Inferior courts

INFERIOR COURTS. By this term are understood all courts except the supreme courts. An inferior court is a court of limited jurisdiction, and it must appear on the face of its proceedings that it has jurisdiction, or its proceedings. will be void. 3 Bouv. Inst. n. 2529.

References in classic literature ?
The judicial Power of the United States, shall be vested in one supreme Court, and in such inferior Courts as the Congress may from time to time ordain and establish.
Do you know that I am called Florian Barbedienne, actual lieutenant to monsieur the provost, and, moreover, commissioner, inquisitor, controller, and examiner, with equal power in provostship, bailiwick, preservation, and inferior court of judicature?
Applying himself in earlier manhood to the study of the law, and having a natural tendency towards office, he had attained, many years ago, to a judicial situation in some inferior court, which gave him for life the very desirable and imposing title of judge.
As to the judiciary, the framers wrote a very short piece in Article 3, which stated that there would be a Supreme Court and such inferior courts as the Congress might decide from time to time.
Constitution provides in Article III, Section 1 that "The Judges, both of the supreme and inferior Courts, shall hold their Offices during good Behavior," It does not give judges a term for life but only "during good Behavior.
Just as Section I provides that the federal judicial power "shall be vested (not may be vested)" in a supreme court and congressionally established inferior courts, Justice Story noted, it also provides that "[tlhe judges, both of the supreme and inferior courts, shall hold their offices during good behaviour, and shall, at stated times, receive, for their services, a compensation which shall not be diminished during their continuance in office.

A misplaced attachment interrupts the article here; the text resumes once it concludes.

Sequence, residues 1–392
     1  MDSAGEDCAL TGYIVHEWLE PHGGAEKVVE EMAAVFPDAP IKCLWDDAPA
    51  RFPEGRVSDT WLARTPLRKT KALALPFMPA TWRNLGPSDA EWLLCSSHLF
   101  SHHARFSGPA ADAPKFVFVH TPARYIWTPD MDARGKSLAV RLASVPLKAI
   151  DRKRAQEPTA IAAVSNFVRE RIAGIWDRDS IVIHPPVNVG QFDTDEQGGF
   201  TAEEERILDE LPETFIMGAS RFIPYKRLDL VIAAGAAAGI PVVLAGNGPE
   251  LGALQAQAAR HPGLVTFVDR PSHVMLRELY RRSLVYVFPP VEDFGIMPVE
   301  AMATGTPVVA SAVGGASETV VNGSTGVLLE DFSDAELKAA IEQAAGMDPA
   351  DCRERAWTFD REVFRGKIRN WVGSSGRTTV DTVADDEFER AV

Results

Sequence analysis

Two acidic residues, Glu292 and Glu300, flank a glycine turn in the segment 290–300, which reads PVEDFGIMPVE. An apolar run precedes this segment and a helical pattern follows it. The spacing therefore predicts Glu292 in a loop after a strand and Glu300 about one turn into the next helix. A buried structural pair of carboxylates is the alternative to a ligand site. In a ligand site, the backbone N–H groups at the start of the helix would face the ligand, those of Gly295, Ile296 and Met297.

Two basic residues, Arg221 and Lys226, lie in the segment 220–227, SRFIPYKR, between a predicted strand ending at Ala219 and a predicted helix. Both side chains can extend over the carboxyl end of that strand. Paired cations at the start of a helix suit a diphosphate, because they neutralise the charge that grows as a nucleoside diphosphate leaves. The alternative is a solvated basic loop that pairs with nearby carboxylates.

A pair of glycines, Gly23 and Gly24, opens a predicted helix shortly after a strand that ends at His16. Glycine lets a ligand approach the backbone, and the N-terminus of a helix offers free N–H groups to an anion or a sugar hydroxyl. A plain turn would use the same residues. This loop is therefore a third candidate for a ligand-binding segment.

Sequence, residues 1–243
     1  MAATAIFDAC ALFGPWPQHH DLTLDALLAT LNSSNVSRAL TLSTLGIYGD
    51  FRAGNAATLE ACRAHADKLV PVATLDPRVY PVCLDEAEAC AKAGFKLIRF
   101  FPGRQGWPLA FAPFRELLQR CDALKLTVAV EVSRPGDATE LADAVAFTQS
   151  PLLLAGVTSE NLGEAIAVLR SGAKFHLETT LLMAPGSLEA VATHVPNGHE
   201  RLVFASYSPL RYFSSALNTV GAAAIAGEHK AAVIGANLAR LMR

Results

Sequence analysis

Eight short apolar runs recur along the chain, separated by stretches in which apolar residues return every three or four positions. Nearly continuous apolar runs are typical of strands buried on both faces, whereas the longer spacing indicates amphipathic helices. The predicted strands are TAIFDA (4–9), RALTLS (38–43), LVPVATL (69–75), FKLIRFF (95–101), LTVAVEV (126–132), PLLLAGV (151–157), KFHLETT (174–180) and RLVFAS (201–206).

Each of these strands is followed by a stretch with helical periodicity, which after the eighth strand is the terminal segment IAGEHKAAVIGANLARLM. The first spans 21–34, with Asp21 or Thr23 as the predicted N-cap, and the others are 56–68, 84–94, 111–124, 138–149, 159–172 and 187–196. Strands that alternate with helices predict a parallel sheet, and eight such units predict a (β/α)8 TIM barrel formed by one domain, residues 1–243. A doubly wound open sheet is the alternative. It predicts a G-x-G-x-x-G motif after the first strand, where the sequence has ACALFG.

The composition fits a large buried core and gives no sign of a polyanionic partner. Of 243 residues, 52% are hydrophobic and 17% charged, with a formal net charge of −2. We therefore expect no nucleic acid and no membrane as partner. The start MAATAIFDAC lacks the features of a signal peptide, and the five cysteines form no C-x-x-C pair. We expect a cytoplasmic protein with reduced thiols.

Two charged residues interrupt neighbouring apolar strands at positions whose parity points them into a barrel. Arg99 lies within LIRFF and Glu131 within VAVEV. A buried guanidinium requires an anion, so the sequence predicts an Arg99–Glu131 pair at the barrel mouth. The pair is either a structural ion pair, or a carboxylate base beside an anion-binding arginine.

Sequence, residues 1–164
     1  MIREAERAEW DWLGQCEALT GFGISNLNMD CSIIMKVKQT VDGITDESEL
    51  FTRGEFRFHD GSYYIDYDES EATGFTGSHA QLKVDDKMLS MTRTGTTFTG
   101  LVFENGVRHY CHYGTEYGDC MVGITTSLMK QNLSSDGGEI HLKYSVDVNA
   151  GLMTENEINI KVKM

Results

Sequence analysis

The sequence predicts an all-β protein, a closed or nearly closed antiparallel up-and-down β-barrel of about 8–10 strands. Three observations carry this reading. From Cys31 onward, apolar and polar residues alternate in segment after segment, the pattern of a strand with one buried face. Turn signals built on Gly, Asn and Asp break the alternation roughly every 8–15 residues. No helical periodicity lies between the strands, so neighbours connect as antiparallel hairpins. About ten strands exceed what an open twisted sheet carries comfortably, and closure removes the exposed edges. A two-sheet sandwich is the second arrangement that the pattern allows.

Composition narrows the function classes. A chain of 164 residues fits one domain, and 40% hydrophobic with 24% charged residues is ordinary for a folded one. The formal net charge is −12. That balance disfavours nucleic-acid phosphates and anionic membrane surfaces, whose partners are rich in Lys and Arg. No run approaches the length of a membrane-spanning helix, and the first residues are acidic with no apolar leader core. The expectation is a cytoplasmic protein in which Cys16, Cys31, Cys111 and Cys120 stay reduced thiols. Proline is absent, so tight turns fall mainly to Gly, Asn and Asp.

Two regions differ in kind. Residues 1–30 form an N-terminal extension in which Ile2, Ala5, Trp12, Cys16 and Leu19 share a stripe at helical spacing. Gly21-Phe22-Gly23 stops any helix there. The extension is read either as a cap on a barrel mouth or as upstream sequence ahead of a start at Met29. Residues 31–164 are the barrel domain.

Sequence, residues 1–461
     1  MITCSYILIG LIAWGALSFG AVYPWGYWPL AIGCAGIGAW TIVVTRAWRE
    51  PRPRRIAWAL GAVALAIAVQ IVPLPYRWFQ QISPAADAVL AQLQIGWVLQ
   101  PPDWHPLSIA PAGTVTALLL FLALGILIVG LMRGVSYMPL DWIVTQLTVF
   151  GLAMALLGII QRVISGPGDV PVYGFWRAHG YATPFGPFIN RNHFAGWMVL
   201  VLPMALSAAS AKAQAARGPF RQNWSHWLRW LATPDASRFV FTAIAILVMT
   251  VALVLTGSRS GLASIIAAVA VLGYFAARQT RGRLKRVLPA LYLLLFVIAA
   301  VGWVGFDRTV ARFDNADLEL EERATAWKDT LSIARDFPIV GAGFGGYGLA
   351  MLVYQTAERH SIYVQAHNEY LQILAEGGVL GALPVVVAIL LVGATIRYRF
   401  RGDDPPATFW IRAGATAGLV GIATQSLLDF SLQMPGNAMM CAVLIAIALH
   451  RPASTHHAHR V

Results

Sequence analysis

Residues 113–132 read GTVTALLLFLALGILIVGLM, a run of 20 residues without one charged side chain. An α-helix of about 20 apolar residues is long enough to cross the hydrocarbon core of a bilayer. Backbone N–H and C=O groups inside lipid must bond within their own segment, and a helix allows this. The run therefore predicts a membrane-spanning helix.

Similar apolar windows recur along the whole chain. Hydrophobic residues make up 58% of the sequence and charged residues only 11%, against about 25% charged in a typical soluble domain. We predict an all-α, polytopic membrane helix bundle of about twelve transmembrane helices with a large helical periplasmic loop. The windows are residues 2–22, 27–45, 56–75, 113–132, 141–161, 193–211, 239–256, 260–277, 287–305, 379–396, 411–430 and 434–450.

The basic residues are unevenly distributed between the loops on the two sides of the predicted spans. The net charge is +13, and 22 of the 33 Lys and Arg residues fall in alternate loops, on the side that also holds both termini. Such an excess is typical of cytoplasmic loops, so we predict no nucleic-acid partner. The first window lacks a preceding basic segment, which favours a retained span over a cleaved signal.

A section of the article now reads: "Since Article Il, Section 1 [of the Constitution] indicates that judicial power in addition to the Supreme Court's rests 'in such inferior courts as the Congress may .
1: The judicial power of the United States, shall be vested in one Supreme Court, and in such inferior courts as the Congress may from time to time ordain and establish.
Article III, Section 1 of the Constitution states, "The Judges, both of the supreme and inferior Courts, shall hold their Offices during good Behaviour.
If allowed by the judicial conference, inferior courts may enact local rules as long as they do not affect any substantive rights or conflict with general law, or require payment of any cost or fee unless allowed by general law.
Hamilton's arguments ultimately carried the day, and life tenure was provided to judges of the "supreme and inferior Courts.
The relevant constitutional provision is Article III, Section I, which vests "the judicial power" in "one supreme Court, and in such inferior Courts as Congress from time to time may ordain and establish.